Strings, numbers, etc. The basic units within
() Link ATOMS and create lists
(A B C) is a list of ATOMS
((A B) (B) C (D E F)) LIST of LISTs and ATOMs
() The empty LIST or "NIL"
The Lisp Interpreter
Getting an interpreter
The first thing you will need is a Lisp interpreter, which can be downloaded free from these sites*:
Not all downloads are self-extracting, you may need WinZip
Allegro CL 6.2(registration required)
CLisp, multiple versions
If you are using a PalmPilot, get LispMe. Available with O'Reilly's PalmPilot Book,
or from Fred Bayers' Page
*If you are working with UNIX or LINUX, you already have a Lisp interpreter called "clisp"
Using the interpreter
Most of these interpreters will have a "Visual Studio" with lots of buttons and useless stuff
for creating applications, we don't want that right now, we want the command-line environment
which is usually labeled: "Lisp Only" or something. You'll know when you open it if it is the right one.
Lisp interpreters are not like other coding environments. Start up an interpreter and you will be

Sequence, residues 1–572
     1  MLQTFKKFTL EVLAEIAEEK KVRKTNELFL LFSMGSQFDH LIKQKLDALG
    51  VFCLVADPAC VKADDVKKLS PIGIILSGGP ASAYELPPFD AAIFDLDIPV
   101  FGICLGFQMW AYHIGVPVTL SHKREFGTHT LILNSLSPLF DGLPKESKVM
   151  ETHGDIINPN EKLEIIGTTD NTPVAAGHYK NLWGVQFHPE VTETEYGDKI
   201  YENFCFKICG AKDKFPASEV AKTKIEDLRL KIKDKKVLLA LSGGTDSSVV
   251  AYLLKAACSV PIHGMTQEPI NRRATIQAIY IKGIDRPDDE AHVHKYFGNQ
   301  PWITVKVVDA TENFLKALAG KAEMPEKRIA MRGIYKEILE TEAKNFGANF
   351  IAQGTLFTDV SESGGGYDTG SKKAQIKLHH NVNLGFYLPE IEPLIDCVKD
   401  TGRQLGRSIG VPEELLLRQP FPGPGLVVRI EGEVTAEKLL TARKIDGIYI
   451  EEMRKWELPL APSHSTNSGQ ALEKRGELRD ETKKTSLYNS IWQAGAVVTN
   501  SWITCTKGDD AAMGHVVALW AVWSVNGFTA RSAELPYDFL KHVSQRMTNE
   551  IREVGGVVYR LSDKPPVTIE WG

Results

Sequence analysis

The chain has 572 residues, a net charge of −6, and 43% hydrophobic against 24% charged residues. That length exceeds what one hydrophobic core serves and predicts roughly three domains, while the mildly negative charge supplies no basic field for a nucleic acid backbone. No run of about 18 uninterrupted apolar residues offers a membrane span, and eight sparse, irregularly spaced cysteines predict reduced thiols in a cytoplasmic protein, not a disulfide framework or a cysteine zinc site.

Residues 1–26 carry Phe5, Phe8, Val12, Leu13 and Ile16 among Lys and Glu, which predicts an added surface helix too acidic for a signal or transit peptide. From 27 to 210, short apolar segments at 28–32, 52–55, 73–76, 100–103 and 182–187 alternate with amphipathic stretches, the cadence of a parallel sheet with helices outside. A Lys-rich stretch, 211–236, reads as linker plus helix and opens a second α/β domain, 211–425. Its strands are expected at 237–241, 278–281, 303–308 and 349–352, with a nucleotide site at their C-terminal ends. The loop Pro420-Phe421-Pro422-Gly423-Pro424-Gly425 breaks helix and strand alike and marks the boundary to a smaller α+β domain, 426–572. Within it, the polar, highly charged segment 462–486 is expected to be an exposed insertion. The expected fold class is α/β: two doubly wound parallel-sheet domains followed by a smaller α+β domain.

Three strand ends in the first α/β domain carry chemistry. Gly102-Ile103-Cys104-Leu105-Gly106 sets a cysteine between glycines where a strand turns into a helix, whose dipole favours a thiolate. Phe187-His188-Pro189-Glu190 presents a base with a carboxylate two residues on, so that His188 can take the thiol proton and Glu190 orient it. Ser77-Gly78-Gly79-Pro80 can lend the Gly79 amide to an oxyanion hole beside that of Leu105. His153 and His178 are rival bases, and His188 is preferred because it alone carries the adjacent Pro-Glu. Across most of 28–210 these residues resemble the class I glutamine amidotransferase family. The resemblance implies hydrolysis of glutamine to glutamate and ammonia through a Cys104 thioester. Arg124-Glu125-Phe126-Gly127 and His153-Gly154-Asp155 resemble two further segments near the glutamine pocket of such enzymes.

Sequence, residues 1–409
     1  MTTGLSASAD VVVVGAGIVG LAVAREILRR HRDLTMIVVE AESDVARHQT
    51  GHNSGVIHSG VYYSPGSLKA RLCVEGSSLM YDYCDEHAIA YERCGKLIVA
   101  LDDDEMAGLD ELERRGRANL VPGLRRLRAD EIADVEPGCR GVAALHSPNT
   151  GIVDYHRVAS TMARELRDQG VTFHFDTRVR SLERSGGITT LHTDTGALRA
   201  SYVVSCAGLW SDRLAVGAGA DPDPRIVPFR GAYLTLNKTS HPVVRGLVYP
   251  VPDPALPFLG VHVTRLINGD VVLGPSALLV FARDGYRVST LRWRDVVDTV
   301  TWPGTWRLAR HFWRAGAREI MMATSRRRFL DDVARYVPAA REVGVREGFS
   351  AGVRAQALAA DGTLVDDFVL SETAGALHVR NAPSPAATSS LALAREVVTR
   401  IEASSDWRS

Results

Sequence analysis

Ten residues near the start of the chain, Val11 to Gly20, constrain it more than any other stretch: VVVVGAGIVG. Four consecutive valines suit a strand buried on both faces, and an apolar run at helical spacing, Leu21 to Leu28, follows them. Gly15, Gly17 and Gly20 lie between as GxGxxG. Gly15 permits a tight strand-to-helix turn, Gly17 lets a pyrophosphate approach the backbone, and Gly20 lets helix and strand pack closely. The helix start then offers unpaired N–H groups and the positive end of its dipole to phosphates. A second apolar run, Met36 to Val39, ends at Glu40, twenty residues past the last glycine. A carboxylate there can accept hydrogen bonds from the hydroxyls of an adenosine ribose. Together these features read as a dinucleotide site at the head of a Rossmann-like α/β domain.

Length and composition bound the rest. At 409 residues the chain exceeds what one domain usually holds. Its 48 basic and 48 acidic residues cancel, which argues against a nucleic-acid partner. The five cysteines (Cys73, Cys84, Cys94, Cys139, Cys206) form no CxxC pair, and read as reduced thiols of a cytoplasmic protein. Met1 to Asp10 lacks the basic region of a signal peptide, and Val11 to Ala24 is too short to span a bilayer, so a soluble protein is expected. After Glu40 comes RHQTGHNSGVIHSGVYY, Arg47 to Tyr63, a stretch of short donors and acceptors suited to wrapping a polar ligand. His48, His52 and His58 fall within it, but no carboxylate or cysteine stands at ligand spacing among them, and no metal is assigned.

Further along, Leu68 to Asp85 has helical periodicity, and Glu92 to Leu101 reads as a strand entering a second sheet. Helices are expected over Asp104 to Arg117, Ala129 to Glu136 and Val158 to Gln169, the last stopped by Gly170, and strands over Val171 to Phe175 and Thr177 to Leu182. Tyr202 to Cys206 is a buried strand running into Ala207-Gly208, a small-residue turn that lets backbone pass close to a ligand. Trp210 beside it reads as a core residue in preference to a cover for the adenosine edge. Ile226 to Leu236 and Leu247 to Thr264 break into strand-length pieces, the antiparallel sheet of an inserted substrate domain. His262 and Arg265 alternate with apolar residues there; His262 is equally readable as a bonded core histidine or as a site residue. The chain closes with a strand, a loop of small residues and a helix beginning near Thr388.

greeted with a prompt. They differ widely, here are some examples:
Regardless, they all work in similar ways. Enter a statement or function at the prompt, hit < enter >
and your code will be evaluated.
Test it, by entering the following: As this is the Lisp expression
for adding 1 and 1 it should evaluate to 2.
Lisp statements are only complete when all the sets of parenthesis
are closed or "matched." That is, (NIL) is complete statement, (NIL is not. (SETQ A '(1 2 3)) is complete statement, (SETQ A '(1 2 3)
is not. Forgetting to put the first open paren will produce an error. Extra closed parens at the end
of a statement will be ignored by the evaluator, but extra close parens usually means that there is a mistake
somewhere in your code!
Lisp Built-in Functions
full alphabetized list
Takes the first element of list
(CAR `(ONE TWO))
Remove the first element of list
(CDR `(ONE TWO THREE))
Answer TWO THREE
(SETQ NUMBER `32)
Associates a list with a list name:
(SETQ COLORS `(YELLOW RED GREEN))
Prints list item(s)
Answer YELLOW RED GREEN
Evaluates and expression:
(APPEND `((A B)(C D)))
Answer (A B C D)